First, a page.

On the Natural History of Destruction, by W. G. Sebald

Once you get hooked on W. G. Sebald's work it is hard not to regard most other literature as frivolous. He is, however, an acquired taste, like single-malt scotch. The first words of his complex and heavy prose are hard to swallow, but even if you have to grimace as the words go down, you will find that nothing else tastes quite the same. Moreover, if you read too many of his novels at a time, rich in language but deficient in plot, they may leave you a bit disoriented. They will also leave a very lasting impression.

Sebald is the great anti-Proust of the 20th century. Proust paid tribute to the aristocrats who had been erased from history by World War I. As a young man he had wanted to join their world, and as a writer he knew he had to reconstruct that world in order to have any chance for self-understanding. Because he does not idealize the past, his aesthetic pursuit of memory is not nostalgic. He knows that the past can never be repeated, but he also knows that, as a general rule, the person we once were is infinitely more interesting than the person we have become.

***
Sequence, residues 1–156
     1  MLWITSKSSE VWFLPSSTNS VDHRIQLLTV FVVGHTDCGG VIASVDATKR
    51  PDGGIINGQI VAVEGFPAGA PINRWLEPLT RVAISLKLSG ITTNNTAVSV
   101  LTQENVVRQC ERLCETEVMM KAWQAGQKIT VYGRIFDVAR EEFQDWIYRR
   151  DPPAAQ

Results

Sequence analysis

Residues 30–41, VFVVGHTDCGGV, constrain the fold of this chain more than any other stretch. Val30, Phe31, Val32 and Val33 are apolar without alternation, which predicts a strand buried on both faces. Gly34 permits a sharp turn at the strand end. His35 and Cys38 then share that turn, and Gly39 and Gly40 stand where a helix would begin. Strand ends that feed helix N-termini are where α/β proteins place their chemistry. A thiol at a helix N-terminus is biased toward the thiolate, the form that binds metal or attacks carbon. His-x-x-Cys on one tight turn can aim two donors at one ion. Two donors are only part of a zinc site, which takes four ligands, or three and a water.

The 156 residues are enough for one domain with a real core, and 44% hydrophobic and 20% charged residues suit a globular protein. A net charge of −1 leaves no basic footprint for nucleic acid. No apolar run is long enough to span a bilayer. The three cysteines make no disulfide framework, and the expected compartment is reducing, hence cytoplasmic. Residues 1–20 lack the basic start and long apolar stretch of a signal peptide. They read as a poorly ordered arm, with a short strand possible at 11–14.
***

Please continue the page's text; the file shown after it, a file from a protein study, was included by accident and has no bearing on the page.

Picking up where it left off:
For Sebald, who was born in Germany but spent all of his professional life teaching in England, the past is a burden, not a calling. Proust memorializes a lost world of aristocrats whose charms come from the graceful way they dissipate their fortunes. Sebald is haunted by a nation that set about systematically destroying much of the world, including itself. While Proust both loves and ridicules the aristocracy, Sebald's somber tone leaves you with no doubt about his essentially moral perspective. Sebald's characters are lost in the present because they have had their pasts taken from them. His books are full of long monologues by narrators steeped in sadness and estrangement. Writing before the Holocaust, Proust thought that if we could only recover the past, it could redeem us. Sebald's characters live in a past that is still with us, even though it is far beyond redemption.